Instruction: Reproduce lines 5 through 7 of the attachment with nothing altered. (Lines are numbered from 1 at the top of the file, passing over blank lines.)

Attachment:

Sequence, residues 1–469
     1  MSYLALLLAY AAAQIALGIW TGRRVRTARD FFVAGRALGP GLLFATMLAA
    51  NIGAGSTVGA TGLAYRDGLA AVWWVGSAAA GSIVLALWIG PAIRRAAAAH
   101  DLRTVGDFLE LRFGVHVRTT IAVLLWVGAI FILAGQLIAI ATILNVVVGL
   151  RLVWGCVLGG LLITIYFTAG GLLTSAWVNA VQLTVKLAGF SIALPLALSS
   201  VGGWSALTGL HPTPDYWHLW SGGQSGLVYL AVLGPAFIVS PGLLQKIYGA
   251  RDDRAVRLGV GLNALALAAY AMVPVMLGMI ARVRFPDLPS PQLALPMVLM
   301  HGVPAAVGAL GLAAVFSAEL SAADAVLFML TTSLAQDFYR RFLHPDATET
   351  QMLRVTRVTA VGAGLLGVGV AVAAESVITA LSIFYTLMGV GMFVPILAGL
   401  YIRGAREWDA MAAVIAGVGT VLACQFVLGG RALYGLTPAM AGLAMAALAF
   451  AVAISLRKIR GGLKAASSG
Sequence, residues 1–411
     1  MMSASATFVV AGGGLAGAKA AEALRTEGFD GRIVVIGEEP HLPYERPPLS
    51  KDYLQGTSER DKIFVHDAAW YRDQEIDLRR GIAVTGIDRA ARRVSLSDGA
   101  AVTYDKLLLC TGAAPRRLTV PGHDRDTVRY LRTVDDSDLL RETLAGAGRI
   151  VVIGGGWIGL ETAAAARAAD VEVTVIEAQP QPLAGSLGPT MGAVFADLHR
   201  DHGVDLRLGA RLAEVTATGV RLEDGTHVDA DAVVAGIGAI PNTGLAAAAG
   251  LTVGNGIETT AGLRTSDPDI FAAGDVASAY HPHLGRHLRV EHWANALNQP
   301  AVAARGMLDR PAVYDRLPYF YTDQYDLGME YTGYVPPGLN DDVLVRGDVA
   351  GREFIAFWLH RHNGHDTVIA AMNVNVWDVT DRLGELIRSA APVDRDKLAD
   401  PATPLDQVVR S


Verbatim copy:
   151  RLVWGCVLGG LLITIYFTAG GLLTSAWVNA VQLTVKLAGF SIALPLALSS
   201  VGGWSALTGL HPTPDYWHLW SGGQSGLVYL AVLGPAFIVS PGLLQKIYGA
   251  RDDRAVRLGV GLNALALAAY AMVPVMLGMI ARVRFPDLPS PQLALPMVLM